Linux 64bit branch
doob at me.com
Mon Jan 13 01:58:06 PST 2014
On 2014-01-12 21:13, Jesse Phillips wrote:
> The main issue is that arr.length is size_t, I thought that that it
> would be wise not to go against the grain, but I had to back out some of
> those changes, since in reality it seems that gtk seems to expect
> count/length in int (I've squashed the commits now).
Since the Java code expects "int" in these cases, I just hope this won't
break anything. Although, I have used size_t in the Mac OS X port,
trying to make it 32 and 64bit compatible at once.
I'm using this philosophy when I'm porting SWT to D. In prioritizing order:
1. The public API needs to be the same on all platforms and preferably
as the Java API.
2. The types and signatures should match the native ones. That means, if
the native signature uses a pointer, the D code should use a pointer as
well, even if the Java code uses int/long.
3. Try to stay as close to the original Java code as possible. This will
make it easier to port future versions.
> To reduce casting the internals of the function utilize the D type. But
> since I was working from compiler errors it is probably just a mix.
>> The place where it is correct to change the type is when the SWT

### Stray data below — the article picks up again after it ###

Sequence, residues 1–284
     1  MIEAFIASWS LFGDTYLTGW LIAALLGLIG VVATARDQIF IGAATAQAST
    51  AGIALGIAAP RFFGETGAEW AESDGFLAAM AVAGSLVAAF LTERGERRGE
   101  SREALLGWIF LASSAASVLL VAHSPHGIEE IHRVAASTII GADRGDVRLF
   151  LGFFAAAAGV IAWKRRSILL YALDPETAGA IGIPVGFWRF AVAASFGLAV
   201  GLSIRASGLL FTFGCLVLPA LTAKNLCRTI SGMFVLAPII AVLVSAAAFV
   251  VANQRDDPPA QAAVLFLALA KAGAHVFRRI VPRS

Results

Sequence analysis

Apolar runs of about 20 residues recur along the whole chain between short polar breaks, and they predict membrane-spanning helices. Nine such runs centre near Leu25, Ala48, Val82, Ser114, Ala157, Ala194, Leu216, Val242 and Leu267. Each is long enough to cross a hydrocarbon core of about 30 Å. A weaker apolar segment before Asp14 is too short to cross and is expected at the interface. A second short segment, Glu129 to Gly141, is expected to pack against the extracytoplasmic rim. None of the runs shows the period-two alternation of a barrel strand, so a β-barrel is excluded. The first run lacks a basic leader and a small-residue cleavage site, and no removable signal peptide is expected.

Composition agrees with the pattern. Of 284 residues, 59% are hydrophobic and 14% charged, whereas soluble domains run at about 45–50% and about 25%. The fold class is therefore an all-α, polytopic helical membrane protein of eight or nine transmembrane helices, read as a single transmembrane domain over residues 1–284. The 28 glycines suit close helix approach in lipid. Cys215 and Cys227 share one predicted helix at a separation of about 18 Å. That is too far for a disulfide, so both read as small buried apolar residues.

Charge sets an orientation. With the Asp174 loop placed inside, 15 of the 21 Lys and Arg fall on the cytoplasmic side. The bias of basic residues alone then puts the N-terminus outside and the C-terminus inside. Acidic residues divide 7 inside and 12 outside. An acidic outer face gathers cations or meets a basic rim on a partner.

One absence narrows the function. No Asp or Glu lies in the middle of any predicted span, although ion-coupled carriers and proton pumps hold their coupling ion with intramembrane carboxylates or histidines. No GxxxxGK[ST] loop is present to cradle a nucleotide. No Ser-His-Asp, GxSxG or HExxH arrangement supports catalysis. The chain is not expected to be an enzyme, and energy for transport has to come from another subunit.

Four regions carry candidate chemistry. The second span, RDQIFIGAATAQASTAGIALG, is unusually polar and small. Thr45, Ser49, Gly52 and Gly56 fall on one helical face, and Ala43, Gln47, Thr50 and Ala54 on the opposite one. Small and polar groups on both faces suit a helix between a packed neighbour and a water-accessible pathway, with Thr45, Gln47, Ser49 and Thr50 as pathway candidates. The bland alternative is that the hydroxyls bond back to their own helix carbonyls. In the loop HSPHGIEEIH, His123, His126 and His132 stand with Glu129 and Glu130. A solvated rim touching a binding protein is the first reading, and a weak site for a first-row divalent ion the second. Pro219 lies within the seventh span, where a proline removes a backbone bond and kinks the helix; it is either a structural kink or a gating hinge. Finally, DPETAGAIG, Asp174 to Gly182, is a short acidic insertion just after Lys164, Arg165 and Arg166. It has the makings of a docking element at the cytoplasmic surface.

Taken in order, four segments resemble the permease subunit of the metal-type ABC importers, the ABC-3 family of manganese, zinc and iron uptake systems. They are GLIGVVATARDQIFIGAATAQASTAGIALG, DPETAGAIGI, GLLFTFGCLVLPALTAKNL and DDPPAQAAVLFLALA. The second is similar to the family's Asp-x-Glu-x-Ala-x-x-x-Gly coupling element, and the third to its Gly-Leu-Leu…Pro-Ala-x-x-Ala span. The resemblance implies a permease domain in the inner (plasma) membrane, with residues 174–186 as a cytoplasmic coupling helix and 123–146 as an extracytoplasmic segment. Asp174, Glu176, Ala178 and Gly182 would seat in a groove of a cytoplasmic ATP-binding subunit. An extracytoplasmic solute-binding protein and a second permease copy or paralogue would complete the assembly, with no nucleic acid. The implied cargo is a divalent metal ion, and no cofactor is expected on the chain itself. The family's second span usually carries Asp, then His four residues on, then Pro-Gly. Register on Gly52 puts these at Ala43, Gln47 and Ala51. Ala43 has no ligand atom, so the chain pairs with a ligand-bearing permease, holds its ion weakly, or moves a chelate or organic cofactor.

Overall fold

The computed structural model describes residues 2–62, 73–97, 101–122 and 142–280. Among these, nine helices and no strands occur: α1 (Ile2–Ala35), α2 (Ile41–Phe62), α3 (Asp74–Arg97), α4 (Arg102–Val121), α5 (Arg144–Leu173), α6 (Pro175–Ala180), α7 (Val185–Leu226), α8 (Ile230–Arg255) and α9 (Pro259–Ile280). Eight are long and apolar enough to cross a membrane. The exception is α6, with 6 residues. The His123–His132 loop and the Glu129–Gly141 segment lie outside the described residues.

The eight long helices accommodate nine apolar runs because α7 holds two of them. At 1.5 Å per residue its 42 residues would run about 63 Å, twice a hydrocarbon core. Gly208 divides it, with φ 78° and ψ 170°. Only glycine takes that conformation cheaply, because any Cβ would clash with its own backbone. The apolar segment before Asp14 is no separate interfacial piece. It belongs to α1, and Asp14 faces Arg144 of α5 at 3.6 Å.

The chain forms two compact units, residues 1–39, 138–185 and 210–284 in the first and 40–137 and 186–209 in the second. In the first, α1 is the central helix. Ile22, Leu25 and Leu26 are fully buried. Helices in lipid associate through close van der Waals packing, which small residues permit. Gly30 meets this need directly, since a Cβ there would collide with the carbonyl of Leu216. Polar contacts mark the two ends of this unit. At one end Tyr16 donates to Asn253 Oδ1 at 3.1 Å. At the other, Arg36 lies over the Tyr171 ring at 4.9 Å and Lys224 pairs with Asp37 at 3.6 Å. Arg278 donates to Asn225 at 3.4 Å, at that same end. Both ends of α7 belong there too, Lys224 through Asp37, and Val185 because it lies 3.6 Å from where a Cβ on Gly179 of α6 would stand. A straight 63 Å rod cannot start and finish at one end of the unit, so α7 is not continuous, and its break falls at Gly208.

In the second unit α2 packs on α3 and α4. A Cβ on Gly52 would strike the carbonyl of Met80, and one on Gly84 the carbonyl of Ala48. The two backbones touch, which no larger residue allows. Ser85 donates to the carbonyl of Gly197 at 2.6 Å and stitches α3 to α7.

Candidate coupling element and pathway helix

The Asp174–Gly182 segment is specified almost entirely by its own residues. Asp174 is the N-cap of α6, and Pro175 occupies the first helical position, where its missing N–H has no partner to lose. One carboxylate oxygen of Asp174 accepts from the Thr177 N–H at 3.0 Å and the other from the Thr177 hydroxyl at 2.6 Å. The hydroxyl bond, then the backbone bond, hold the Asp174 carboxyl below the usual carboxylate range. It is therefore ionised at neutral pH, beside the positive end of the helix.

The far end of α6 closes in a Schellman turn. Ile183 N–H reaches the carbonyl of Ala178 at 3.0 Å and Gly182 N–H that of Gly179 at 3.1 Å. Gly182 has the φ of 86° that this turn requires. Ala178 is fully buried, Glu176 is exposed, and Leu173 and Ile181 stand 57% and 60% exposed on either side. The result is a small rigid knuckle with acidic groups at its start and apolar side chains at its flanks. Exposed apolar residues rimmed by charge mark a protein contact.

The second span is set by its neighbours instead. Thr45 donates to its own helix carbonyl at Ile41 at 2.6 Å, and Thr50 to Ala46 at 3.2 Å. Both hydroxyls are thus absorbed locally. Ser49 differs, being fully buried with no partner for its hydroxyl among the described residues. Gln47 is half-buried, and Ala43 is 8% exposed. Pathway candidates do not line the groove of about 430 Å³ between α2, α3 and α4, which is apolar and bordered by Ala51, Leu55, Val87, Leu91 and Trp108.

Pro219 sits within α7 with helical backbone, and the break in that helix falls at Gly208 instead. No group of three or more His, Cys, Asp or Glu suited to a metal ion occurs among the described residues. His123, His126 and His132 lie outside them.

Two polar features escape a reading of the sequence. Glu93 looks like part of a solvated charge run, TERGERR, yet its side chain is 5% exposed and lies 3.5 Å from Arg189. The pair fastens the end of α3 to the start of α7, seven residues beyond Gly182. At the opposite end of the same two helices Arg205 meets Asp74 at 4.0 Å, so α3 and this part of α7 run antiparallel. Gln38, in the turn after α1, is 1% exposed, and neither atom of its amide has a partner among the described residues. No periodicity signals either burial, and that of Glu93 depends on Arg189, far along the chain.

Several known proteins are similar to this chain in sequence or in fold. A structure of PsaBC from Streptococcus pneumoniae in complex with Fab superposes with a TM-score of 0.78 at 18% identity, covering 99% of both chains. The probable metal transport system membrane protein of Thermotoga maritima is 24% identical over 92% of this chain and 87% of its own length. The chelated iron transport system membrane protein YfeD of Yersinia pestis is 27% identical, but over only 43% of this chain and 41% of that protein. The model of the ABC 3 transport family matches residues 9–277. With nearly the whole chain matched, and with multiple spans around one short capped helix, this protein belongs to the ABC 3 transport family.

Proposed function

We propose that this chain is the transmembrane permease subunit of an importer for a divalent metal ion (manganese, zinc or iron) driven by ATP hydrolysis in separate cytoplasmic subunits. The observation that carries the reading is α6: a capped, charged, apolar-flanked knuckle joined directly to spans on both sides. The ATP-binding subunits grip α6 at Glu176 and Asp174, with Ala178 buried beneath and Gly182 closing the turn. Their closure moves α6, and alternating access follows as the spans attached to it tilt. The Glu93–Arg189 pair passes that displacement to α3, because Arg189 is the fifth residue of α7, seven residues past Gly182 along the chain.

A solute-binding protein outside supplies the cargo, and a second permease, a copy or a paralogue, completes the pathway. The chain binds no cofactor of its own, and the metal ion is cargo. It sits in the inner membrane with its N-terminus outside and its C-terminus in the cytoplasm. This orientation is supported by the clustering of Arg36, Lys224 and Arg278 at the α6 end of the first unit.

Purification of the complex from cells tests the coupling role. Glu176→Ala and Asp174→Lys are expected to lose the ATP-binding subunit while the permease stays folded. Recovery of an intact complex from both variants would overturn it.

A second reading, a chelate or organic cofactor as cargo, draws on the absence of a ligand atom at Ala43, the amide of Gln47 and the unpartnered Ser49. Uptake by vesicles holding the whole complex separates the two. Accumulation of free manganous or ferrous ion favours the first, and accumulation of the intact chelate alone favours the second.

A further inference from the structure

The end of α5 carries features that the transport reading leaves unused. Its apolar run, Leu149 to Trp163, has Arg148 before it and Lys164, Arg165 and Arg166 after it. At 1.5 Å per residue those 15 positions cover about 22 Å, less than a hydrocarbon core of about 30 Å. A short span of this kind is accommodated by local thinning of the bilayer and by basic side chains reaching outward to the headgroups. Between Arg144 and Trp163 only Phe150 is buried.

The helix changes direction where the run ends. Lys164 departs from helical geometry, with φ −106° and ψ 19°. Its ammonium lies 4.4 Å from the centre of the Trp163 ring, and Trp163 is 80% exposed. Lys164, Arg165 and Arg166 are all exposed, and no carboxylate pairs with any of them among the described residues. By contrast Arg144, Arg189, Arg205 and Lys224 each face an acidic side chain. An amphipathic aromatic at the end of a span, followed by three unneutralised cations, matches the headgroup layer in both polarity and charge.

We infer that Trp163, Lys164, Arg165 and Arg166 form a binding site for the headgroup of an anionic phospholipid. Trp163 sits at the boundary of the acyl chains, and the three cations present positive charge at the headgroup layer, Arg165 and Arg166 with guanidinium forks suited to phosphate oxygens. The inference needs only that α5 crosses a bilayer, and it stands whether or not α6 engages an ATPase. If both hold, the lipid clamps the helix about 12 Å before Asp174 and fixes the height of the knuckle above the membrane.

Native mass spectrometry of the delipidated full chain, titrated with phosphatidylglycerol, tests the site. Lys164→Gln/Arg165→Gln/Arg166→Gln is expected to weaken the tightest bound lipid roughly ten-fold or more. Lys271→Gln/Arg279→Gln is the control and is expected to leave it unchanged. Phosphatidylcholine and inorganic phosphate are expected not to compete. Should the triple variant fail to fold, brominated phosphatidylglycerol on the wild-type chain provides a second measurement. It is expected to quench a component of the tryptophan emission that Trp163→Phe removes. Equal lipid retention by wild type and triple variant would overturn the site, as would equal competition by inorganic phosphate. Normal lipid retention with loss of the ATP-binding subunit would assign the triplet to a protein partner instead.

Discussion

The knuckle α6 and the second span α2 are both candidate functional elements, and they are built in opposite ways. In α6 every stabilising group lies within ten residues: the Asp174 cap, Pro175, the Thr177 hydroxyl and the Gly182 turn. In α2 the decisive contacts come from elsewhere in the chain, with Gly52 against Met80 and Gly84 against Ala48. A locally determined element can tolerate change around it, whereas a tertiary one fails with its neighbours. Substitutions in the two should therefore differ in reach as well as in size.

>> scource code look something like this: "(int)/*64*/". That is a hint
>> to a tool SWT uses to automatically translate between 32 and 64bit.
>> These cases should always be replaced with the native type. Be it
>> either a pointer type, size_t or something else.
> I'll have to look into that, certainly didn't get that right.
Hmm, these might actually be the cases where it should be "int" on both
platforms and a cast is required since it's would otherwise be "long"
You did find the other cases where I know for sure that the type should
vary on 32 and 64bit, that is when the code looks like this:
> Yes, I forgot to mention that this pass didn't concern itself with Tango.
> I'm not sure what having the return type match the type used in the
> expression has to do with anything. Unless it is floating point or some
> bit-shift manipulation.
Say I have a function like this in the Java code:
int /*long*/ foo ();
And used like this:
int /*long*/ bar = foo();
It has happened to me several times that I used "auto" when declaring
"bar". And I changed the signature of "foo" to the correct native type.
The only problem is that I used the wrong native type which I later
discovered when I translated the declaration of "bar". If I had not used
"auto" and I had use the actual correct native type when declaring "bar"
the compiler would have a caught the type error. That's just my experience.
> Something had to change, the options are:
> 1. size_t or ptrdiff_t depending on the result
I think this is the most correct option.
> 2. use auto
> 3. do type conversion
> I chose auto because I didn't really care to identify if size_t or
> ptrdiff_t was needed (D doesn't error on mismatch if you get those
> wrong) and type conversion would then require type conversion in many
> later expressions (possibly).
Yes, see above.
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